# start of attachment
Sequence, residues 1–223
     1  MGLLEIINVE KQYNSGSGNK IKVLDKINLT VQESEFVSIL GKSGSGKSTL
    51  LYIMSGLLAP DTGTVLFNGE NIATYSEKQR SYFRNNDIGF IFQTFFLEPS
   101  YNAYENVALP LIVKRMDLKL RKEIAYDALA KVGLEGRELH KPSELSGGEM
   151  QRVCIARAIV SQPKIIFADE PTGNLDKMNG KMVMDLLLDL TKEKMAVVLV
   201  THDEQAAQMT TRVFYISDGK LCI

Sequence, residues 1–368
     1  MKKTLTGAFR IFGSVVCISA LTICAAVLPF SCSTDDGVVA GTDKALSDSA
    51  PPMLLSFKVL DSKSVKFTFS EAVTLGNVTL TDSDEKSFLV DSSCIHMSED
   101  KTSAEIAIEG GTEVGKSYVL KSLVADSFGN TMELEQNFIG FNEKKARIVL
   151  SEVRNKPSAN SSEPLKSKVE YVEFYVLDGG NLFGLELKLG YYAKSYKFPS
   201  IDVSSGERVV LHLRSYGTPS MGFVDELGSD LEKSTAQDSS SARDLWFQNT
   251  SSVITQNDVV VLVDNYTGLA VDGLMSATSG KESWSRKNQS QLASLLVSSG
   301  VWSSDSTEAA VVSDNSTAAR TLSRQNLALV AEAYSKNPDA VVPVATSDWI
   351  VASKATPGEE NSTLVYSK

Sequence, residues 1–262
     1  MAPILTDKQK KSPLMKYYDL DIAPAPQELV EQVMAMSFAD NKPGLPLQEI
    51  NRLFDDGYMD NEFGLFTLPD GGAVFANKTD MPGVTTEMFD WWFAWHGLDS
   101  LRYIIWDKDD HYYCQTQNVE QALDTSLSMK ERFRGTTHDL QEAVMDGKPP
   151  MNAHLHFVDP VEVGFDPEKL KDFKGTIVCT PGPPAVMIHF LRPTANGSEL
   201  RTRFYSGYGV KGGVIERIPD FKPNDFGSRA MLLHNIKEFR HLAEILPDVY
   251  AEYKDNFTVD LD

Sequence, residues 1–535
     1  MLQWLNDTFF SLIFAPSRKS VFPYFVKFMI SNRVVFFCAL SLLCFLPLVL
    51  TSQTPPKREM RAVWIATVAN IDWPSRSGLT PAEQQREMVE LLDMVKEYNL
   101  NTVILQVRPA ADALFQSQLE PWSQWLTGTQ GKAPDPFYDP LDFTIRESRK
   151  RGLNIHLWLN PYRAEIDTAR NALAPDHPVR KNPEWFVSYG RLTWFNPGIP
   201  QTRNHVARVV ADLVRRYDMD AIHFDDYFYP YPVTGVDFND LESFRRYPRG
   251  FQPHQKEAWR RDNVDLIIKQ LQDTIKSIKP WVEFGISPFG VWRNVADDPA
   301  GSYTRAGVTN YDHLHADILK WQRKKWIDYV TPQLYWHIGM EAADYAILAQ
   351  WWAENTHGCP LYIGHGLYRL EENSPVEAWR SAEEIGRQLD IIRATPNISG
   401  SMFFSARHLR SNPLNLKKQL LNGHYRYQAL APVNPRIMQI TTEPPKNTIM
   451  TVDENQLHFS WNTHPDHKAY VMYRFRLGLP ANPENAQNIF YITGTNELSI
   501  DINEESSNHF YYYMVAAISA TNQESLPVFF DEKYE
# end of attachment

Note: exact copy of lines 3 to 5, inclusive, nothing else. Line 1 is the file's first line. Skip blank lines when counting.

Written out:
    51  LYIMSGLLAP DTGTVLFNGE NIATYSEKQR SYFRNNDIGF IFQTFFLEPS
   101  YNAYENVALP LIVKRMDLKL RKEIAYDALA KVGLEGRELH KPSELSGGEM
   151  QRVCIARAIV SQPKIIFADE PTGNLDKMNG KMVMDLLLDL TKEKMAVVLV